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Nominated for two Oscars in one year across two categories, Best Actress and Best Supporting Actress, Scarlett Johansson’s never been a bigger celeb than she is right now. Splitting her time between the Marvel ultrablockbuster industrial complex and more mannered mainstream-adjacent indie movies, she’s easily one of the most recognizable and prolific actors in Hollywood. She also has stepped in it several times recently, drawing the ire of critics for her sometimes questionable track record of accepting roles playing marginalized people. Safe to say her judgement isn’t always super great, an extremely successful showbiz career pockmarked by a few unusual and confusing choices.

Back in 2008, Scarlett was embracing her position as an indie crossover success, having recently working on pictures with folks like Brian De Palma, Woody Allen, and Michael Bay. When you’re that successful, that buzzed-about, I feel like it’s pretty easy to get your pet projects funded. In most cases that means the production of an intensely personal indie film or the creation of a non-profit that has some connection to a cause you’re passionate about. Scarlett had another idea: channel her love of bourbon-soaked, monster-voiced singer songwriter Tom Waits into an collection of indie pop songs.

The indie rock world was several years into its clumsy merger into the mainstream, a newfound embrace of commercialization thanks to approximately one million factors, including the internet, iPod commercials, the increased popularity of music festivals, and The OC. TV on the Radio was one of the hottest acts at the time, and multi-instrumentalist/founding TVOR member Dave Sitek was the indie producer du jour, lending his hand to records from indie big leaguers like Yeah Yeah Yeah, Foals, and Liars. He was tapped by Johansson to help shape her new endeavor, and honestly, did a pretty solid job.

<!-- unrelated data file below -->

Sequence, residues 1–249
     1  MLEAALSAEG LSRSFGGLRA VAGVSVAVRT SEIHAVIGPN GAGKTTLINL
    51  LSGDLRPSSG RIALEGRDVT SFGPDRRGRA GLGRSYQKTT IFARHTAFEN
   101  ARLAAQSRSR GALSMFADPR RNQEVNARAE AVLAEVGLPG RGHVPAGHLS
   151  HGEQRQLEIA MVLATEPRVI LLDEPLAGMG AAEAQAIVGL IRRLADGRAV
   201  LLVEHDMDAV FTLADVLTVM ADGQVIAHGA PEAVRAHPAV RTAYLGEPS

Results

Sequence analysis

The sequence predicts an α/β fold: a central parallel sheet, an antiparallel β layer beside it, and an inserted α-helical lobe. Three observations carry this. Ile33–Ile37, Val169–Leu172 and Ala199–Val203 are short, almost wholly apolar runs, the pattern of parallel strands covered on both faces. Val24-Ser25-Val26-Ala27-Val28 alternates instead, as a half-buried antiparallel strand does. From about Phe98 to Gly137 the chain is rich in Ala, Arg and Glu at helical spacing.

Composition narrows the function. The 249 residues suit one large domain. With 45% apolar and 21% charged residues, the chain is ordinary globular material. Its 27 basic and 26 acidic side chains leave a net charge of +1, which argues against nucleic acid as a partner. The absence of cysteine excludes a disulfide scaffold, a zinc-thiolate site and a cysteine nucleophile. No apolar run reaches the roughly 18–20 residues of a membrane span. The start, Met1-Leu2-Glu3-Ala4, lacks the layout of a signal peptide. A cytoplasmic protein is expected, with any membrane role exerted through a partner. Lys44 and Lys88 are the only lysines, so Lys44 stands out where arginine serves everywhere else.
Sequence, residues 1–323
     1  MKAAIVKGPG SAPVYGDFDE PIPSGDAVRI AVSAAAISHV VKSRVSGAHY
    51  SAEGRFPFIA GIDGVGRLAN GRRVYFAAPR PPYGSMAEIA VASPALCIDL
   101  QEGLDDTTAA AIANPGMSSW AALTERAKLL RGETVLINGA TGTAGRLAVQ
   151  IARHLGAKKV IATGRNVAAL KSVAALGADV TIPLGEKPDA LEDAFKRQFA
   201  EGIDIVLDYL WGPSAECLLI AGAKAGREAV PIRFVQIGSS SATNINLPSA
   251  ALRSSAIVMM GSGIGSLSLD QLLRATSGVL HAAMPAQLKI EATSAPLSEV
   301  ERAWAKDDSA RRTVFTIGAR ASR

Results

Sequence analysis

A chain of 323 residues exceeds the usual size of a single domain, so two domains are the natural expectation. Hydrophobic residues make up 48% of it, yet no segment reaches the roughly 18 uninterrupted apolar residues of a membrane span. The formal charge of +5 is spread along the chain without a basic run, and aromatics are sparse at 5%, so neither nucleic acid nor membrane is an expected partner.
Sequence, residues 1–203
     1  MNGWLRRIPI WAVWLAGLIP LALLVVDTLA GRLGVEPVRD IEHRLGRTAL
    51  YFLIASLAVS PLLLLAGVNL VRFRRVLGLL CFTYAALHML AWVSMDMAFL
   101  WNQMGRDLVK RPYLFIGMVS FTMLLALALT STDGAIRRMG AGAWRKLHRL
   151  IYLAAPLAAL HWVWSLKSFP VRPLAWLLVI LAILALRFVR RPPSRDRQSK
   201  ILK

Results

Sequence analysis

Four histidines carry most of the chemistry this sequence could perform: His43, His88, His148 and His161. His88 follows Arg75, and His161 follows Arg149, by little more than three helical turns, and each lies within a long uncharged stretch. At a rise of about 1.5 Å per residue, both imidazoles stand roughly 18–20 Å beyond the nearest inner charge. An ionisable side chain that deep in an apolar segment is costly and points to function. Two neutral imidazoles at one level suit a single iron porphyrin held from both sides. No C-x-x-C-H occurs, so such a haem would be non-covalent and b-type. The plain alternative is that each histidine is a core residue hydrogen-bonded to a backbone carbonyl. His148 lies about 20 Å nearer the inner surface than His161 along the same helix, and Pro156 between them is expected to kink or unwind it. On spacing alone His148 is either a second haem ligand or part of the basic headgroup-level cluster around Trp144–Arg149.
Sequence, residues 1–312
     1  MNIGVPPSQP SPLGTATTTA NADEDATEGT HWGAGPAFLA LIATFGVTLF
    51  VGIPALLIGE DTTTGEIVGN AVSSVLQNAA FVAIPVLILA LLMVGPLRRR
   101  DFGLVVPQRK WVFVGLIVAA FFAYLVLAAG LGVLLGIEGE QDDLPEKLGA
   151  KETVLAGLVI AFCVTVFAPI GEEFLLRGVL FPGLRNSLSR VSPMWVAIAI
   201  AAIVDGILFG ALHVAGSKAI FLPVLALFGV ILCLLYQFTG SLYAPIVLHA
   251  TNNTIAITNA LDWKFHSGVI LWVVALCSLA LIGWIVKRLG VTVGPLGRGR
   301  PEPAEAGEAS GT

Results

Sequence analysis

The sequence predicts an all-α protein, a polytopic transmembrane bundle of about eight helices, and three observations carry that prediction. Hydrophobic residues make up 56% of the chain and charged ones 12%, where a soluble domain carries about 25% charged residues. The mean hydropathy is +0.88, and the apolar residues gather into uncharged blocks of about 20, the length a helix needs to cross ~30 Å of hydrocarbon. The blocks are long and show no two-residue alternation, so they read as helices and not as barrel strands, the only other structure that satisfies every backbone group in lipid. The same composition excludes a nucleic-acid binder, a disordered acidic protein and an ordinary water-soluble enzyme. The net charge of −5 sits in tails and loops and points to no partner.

The album is densely layered, with Johansson’s vocals often buried pretty deep in the mix behind a wall of sound full of sounds wrung from an eclectic array of instruments. The liner notes credit various contributors with work on everything from the guitorgan, a rainstick, and a dog bowl, the mind reels when imagining the scene at the studio as they crafted these backing tracks. While her vocals aren’t especially compelling or memorable, they contrast well with the swirling mass of wild sounds Sitek conjured. Plus, they were able to nab David Bowie for backing tracks on a couple of tracks, and it’s always nice to hear our old friend David singing against a more modern backdrop.

For those familiar with Waits’ work, there’s a weird flattening effect that many covers of his songs suffer from. This ironing out of his idiosyncrasies can highlight his talents as a songwriter, but also loses some of what makes his work so singular. While no one was clamoring for a mid-tempo 2000s-era indie rock version of these songs, it’s an admittedly interesting starting point to work from.

As far as celeb vanity project bands go, this one’s near the top of the heap; compared to Russel Crowe’s post-grunge nonsense with 30 Odd Foot of Grunts or Jada Pinkett Smith’s insane rap rock band Wicked Wisdom, it’s pretty good! The album’s an easy, if forgettable, listen, harkening back to the halcyon days of the mainstreaming of indie rock.

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